It really does feel like you’re going to be in school forever. Like you have plenty of time, all the time in the world … and then suddenly you don’t. You find yourself staring at the calendar that says you graduate this month.
I remember when I created a resume during my first semester of college in 2016 that said my expected graduation date was 2022. It felt so far away then.
I’m still not sure it has completely hit me. Even as I prepare for my new full-time job after graduation. Even now as I look back and realize I’ve been with The Signpost for three years, and here I am writing my senior graduation column.
I’m pretty lucky; I’ve finished my degree smoothly in four years’ worth of school, never changing my major because, while I have questioned over and over what I want to do for a career, I’ve known my path lies with communication, and I’ve been blessed with scholarships that have led me through school debt-free.
Despite all of those blessings, I’ve sometimes worried that I missed out on something bigger, like “the real college experience” — living in dorms with friends and roommates, going to college parties, etc.
It’s no secret that Weber State University is a commuter college with a pretty big chunk of students living locally. There’s also a pretty big percentage of non-traditional students here. I definitely fit within those demographics — I grew up in Kaysville, live in Ogden now, and I’ve been married for more than half of my college experience.
But as I’ve thought about it more, I don’t feel like my experience was any lesser. And that’s because I got involved.
One of the best decisions I made in college was to join The Signpost. Sure, I originally did it because it was a requirement for my degree, but it ended up being a blessing.
I came to the office as a news reporter in fall 2019, my second year of college after a two-year hiatus while I served a mission in Italy. While journalism is actually pretty un-comfy for me because I’m quiet, I hate talking to strangers and probably experience some social anxiety, I loved the opportunity it gave me to get involved with the school and the events that were happening here.
Covering elections, lectures, concerts and dance performances, parties like the foam bash, new achievements on campus or other student-interest stories gave me an excuse to enjoy such events on campus and be involved with what makes Weber what it is.
Then, in fall 2020 I was quite suddenly, almost forcefully, flung into the position of the culture desk editor — and it became one of the best things that had happened to me. It taught me a lot about myself and my ability with writing and editing, helping me realize that the kind of career I wanted aligned more with journalism editing than as a reporter. But beyond that, it gave me friends.
I had come back from my mission with almost no friends — most had moved on from me, and those who hadn’t lived far away — I was no one’s favorite, and it has sucked. (Thank goodness my best friend is bound to me by holy matrimony!) But as an editor at The Signpost, I spent a lot of time in an office with other students with similar interests as me, through the good times and the very stressful, it created a bond. These people became my friends.
After a year and a half as an editor, when I realized I couldn’t spend as much time with The Signpost because I had to focus on an internship, I couldn’t bear the thought of leaving it yet. So, I became a part-time copy editor for this last semester to stay with friends and keep doing something I enjoyed. It also allowed me the opportunity to go to California with my fellow editors and friends, a truly fun trip. I will never regret that decision.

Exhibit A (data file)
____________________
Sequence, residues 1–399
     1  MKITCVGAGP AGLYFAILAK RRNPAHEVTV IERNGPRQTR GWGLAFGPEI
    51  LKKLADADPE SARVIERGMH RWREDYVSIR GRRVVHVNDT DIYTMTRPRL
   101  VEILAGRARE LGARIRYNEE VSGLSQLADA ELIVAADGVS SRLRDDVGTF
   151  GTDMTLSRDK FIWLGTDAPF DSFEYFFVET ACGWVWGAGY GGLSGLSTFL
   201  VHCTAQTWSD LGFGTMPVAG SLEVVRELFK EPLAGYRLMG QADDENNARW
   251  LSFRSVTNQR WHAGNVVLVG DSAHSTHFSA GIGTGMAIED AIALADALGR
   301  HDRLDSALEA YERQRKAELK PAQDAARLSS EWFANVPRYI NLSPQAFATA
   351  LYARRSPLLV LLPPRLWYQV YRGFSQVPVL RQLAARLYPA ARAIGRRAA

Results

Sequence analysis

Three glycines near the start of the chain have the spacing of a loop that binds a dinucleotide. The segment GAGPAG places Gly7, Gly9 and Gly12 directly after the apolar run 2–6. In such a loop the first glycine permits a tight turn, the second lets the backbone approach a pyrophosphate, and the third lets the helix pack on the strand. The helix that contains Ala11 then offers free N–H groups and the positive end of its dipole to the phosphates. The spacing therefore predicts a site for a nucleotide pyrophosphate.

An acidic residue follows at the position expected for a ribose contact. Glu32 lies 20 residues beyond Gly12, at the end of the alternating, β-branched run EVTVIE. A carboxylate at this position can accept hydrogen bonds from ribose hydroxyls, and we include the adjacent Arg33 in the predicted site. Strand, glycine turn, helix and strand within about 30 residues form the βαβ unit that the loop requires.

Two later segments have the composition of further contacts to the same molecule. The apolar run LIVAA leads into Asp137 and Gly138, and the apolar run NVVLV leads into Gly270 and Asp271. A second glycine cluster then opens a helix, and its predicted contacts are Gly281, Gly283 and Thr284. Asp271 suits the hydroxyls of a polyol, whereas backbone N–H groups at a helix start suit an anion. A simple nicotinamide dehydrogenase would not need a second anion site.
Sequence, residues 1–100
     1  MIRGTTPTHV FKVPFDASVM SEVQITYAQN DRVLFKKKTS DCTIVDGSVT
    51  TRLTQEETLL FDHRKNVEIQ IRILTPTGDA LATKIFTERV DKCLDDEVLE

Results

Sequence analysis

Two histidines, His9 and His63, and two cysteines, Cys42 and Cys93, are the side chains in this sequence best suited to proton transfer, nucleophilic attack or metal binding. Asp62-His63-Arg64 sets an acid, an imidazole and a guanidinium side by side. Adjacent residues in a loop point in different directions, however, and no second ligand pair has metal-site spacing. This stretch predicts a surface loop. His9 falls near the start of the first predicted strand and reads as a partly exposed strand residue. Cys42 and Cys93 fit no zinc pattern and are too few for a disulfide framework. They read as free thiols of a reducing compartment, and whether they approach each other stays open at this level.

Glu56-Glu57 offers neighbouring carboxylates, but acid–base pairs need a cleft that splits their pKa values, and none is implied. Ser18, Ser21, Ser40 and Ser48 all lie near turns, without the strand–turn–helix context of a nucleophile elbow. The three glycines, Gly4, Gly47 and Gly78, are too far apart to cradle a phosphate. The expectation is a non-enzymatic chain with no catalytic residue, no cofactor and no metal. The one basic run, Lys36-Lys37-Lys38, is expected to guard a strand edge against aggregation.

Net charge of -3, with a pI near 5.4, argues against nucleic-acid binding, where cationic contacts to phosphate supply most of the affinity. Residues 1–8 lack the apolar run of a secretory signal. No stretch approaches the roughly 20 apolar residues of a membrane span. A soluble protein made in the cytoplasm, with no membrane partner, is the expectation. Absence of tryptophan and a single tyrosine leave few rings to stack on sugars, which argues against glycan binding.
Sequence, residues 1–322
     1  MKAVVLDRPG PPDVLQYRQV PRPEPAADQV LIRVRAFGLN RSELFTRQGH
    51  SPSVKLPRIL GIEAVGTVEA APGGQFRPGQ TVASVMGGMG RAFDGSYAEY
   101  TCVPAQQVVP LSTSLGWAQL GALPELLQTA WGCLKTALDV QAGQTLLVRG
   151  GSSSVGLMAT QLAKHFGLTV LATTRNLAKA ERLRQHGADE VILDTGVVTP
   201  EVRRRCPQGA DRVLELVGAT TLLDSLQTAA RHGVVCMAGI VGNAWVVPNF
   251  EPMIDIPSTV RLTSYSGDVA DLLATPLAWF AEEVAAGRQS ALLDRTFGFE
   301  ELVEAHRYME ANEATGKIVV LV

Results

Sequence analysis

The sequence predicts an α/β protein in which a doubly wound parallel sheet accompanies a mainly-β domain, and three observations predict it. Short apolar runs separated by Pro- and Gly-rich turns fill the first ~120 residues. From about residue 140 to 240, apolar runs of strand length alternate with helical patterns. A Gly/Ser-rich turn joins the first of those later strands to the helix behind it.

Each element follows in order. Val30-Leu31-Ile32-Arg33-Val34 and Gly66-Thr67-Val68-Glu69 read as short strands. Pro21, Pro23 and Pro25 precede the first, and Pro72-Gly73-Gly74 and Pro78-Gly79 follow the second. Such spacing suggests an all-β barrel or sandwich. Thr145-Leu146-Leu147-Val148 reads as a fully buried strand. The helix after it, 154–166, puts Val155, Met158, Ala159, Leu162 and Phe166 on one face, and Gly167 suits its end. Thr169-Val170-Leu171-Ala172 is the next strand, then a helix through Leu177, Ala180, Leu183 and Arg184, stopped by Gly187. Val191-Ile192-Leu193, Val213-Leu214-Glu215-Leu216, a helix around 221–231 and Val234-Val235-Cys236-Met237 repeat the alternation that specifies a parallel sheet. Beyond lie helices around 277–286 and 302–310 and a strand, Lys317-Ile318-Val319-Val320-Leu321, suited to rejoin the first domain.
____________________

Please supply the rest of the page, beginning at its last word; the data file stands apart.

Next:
But even aside from joining The Signpost, I’ve tried to be involved in other ways. During my first year of college, I spent a lot of time volunteering with fellow students, like at the 2016 Rock the Vote concert, the 2017 #UTSleepOut in the parking lot and more. Part of that was to complete scholarship service hour requirements, but I did end up really enjoying it and the opportunity to get involved at the school and in the community.
I’ve tried to attend several homecoming events, at least walk through the block party, go to a few lectures and use the campus resources that my student fees cover like the gym or the stress relief star show. One time I attended a Mardi Gras party with the French club, even though I don’t speak French. I took my husband to become True Wildcats under the bell tower at midnight. I look forward to attending WeberStock this week.
One of my favorite things these last three years has been completing the Traditions Keeper challenge — 50 WSU traditions on their app that allowed me to discover new places on campus, motivated me to attend events and helped me plan fun date nights and family activities. I’m pleased to say that I’ll complete my final three traditions this week. I’ll wear that Traditions Keeper stole proudly at graduation.
Looking back, I’ve done a fair amount to get involved at Weber State and enjoy my time here, and I wouldn’t take a single thing back. My college experience has felt complete. My only regret will be the summer study abroad trip that was canceled due to COVID.
So I guess the last piece of senior advice I would leave to you readers is to get involved. Join a club or organization and make friends, go to events — enjoy yourself. Earning a degree and finding a career doesn’t mean you can’t. It doesn’t matter if you’re a non-traditional student or if you commute to campus every day — do it anyway, find something that interests you, bring the family, enjoy the time that you have here. Live life to the fullest.
I love Weber State University. The beautiful campus, the great programs, the opportunities for growth and more have all made me realize during my time here how much of a highly-underappreciated gem this place is in Utah. I’m proud to be a Wildcat.
Do good things, Wildcats, and find joy in the journey.